In the spring of 1941 Prokofiev suffered a heart attack. The German invasion of the Soviet Union in June, 1941 was a shock to most Russians. Stalin ordered all major cultural figures out of Moscow. Prokofiev was to evacuate to the Caucasus. Mira Mendelssohn was evacuated with him. Lina stayed behind in their Moscow apartment with their two sons. During this wartime period, Prokofiev was ever more prolific. He began work (with Mira Mendelssohn) on "War and Peace." (At the composer's death, the opera remained in a disorganized, if performable state.) He also wrote the three great War piano sonatas (Nos. 6, 7, and 8); the ballet "Cinderella"; the String Quartet No.2; the Sonata for Flute and Piano (and a transcription of that score for violin at the request of David Oistrakh); and the Fifth Symphony - one of his greatest orchestral works. Miaskovsky, a stern critic, pronounced the 2nd String Quartet "magnificent music." The great Sviatoslav Richter's premiere of the bracing 7th Piano Sonata in 1943 was a stunning success. Prokofiev received his first Stalin Prize for the work. In 1944 the young Emil Gilels premiered the 8th Piano Sonata - the most complex of the wartime cycle. The premiere of "Cinderella" at the Bolshoi Theater in 1945 was a triumph for the legendary ballerina Galina Ulanova, already famous as Juliet in the Prokofiev-Lavrovsky ballet. About the 5th Symphony, Prokofiev noted "The Fifth Symphony completes a long period of my works. I conceived it as a symphony of the greatness of the human spirit." The composer conducted the premiere of this eloquent work on January 13, 1945 (the eve of the Allied victory) in Moscow. He received his second Stalin Prize for this noble score. His triumph was short lived. Later in January, 1945 the composer fell. He suffered a severe concussion. He would continue to suffer frequent headaches and high blood pressure until his death eight years later. Prokofiev would require frequent hospitalization in the remaining years of his life. To make matters worse, political repression was around the corner. 

Having become deeply involved with Mira Mendelssohn, Prokofiev separated from Lina in 1941. In 1947 Stalin's Supreme Soviet passed a law forbidding Soviet citizens from marrying foreigners. Applying the law retroactively, the State nullified Prokofiev marriage to Lina. Barely a year later (in 1948) Prokofiev married Mira. A month later Lina was arrested on a false charge of espionage and sent to a labor camp where she remained for eight years. (Prokofiev was unaware what had happened to Lina until his sons visited him with the news.) After her release Lina lived in Moscow until 1972 when she reestablished her Spanish citizenship, moved to London, and set up the Prokofiev Foundation and Archives. She frequently toured the world as a lecturer on Prokofiev's music and even narrated performances of "Peter and the Wolf" (including one at Festival Miami in 1987). She died in 1988.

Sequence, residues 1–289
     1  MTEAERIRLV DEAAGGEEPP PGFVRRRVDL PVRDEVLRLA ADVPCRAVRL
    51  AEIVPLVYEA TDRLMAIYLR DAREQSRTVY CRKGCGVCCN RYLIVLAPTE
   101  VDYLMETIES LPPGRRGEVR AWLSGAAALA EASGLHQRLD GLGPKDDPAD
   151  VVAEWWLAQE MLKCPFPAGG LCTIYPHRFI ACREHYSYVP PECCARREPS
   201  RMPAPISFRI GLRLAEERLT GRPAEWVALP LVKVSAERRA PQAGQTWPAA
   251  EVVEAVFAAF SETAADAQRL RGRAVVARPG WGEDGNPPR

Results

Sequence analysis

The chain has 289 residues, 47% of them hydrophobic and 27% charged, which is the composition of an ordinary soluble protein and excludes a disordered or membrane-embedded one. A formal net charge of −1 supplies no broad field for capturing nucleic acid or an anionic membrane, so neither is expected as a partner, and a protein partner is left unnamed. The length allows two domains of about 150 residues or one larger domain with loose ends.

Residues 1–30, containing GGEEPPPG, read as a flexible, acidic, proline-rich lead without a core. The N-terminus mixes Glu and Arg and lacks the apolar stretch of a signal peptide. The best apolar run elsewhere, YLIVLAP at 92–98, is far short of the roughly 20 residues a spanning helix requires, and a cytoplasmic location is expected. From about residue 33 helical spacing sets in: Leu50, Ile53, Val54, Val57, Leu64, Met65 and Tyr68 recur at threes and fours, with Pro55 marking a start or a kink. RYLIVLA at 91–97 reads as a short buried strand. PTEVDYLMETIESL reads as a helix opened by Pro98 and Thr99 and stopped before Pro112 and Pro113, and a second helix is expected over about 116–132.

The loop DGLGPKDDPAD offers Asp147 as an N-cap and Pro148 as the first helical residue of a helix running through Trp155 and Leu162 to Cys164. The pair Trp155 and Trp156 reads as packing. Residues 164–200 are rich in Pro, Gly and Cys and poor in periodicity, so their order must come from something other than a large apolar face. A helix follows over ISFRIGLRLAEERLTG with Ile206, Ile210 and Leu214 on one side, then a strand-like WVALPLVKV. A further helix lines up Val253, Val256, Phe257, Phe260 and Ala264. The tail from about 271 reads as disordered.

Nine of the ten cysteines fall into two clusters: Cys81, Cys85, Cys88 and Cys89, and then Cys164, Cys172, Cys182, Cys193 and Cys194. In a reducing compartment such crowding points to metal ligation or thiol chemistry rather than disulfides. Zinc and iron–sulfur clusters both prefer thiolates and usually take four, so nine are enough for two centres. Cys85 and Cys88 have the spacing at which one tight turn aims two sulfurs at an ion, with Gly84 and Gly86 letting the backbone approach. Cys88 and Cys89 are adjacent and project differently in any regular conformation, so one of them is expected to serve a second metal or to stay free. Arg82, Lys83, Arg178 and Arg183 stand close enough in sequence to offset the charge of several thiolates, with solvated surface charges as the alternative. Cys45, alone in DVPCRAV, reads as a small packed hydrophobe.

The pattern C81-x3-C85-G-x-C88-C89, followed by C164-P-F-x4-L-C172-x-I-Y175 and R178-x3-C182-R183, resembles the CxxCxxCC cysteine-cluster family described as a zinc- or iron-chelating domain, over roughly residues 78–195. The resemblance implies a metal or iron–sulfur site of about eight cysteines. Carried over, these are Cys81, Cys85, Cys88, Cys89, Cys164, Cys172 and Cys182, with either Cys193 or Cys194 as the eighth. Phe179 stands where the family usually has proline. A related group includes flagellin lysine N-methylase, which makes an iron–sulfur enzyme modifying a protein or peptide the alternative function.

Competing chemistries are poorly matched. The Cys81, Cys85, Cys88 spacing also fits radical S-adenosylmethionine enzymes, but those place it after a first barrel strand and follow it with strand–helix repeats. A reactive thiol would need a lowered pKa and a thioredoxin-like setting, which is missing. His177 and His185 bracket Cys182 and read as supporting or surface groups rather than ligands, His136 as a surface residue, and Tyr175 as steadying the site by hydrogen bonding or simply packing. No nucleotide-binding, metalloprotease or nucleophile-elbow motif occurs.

As the Cold War began, Stalin decreed that Communist superiority must be reflected in all Soviet culture. Andrei Zhdanov, a member of the new Politburo, became the chief architect and enforcer of artistic orthodoxy. His censorship and none too subtle intimidation became known among artist as "Zhdanov terror." In 1948 Zhdanov denounced Prokofiev, Shostakovich, Khatchaturian, and Miaskovsky for "bourgeois formalism." These composers were now out of official favor. As a result, performances of their music became almost non-existent. Shostakovich and Khatchaturian would recover and regain their stature. Prokofiev and Miaskovsky never would. After the success of his Sixth Symphony (1945) Prokofiev continued to compose - even without hope of performances. Of particular note are his ballet score "The Stone Flower" (1948-50) - a colorful, vibrantly beautiful score that was produced posthumously. There were two superb works for the cellist Mistislav Rostropovich - the "Sonata for Cello and Piano," Opus 119 and the "Sinfonia Concertante" for Cello and Orchestra (1950-51). With a remarkable degree of heroism, Rostropovich and Richter ignored Zhdanov's denouncement and premiered both works successfully. (Richter made his only appearance as a conductor at the first performance of the "Sinfonia Concertante.") Miaskovsky's death in 1950 further debilitated Prokofiev. Despite his difficult personal and political situation, Prokofiev continued to compose. While the posthumously produced opera "The Story of a Real Man" (1947-48) and the oratorio "On Guard for Peace" (1950) are often dismissed as musical propaganda, both works contain passages of intensely moving lyricism. His final major work was the Symphony No.7 (1951-52). Written for a youth orchestra, the score is a divertimento composed by a master. The premiere of this score marked Prokofiev's final public appearance. He died on March 5, 1953 - the same day as Stalin. With the official ceremonies honoring the dictator taking the main public attention, only 40 people attended Prokofiev's funeral. David Oistrakh played two movements from the 1st Violin Sonata. (Sviatoslav Richter was also present.) Later the composer's body was buried at Moscow's Novodevichy Cemetery. Posthumously Prokofiev was awarded the Lenin Prize (the Soviet Union's highest honor) in 1957 for the 7th Symphony.

Sergei Prokofiev was a prolific and brilliant creative artist. In many ways his later works showcase his true genius. The lyrical simplicity and sincerity of the later symphonies and ballet scores is the work of a master. Prokofiev was always an original creative voice no matter what country, artistic milieu, or political situation he was working under. His greatest works remain treasures of the 20th century musical repertoire!